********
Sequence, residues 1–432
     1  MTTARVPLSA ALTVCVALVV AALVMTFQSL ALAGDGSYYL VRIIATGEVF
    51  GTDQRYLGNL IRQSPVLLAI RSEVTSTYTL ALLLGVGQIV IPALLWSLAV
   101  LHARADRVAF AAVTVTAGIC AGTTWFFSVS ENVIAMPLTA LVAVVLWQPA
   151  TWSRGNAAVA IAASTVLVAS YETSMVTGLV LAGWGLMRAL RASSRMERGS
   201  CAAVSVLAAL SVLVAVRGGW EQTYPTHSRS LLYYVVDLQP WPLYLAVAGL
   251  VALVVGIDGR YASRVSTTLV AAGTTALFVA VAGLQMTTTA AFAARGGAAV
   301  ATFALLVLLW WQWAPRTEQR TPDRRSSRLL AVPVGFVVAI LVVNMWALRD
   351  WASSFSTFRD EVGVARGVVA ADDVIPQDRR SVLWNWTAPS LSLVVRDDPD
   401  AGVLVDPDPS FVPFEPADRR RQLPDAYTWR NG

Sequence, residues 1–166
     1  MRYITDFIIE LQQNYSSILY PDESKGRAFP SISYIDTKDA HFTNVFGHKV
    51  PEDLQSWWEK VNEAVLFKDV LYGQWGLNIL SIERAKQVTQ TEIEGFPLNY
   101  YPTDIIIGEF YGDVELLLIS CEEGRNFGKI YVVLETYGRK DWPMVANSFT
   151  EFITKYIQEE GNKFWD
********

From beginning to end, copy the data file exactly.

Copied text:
Sequence, residues 1–432
     1  MTTARVPLSA ALTVCVALVV AALVMTFQSL ALAGDGSYYL VRIIATGEVF
    51  GTDQRYLGNL IRQSPVLLAI RSEVTSTYTL ALLLGVGQIV IPALLWSLAV
   101  LHARADRVAF AAVTVTAGIC AGTTWFFSVS ENVIAMPLTA LVAVVLWQPA
   151  TWSRGNAAVA IAASTVLVAS YETSMVTGLV LAGWGLMRAL RASSRMERGS
   201  CAAVSVLAAL SVLVAVRGGW EQTYPTHSRS LLYYVVDLQP WPLYLAVAGL
   251  VALVVGIDGR YASRVSTTLV AAGTTALFVA VAGLQMTTTA AFAARGGAAV
   301  ATFALLVLLW WQWAPRTEQR TPDRRSSRLL AVPVGFVVAI LVVNMWALRD
   351  WASSFSTFRD EVGVARGVVA ADDVIPQDRR SVLWNWTAPS LSLVVRDDPD
   401  AGVLVDPDPS FVPFEPADRR RQLPDAYTWR NG

Sequence, residues 1–166
     1  MRYITDFIIE LQQNYSSILY PDESKGRAFP SISYIDTKDA HFTNVFGHKV
    51  PEDLQSWWEK VNEAVLFKDV LYGQWGLNIL SIERAKQVTQ TEIEGFPLNY
   101  YPTDIIIGEF YGDVELLLIS CEEGRNFGKI YVVLETYGRK DWPMVANSFT
   151  EFITKYIQEE GNKFWD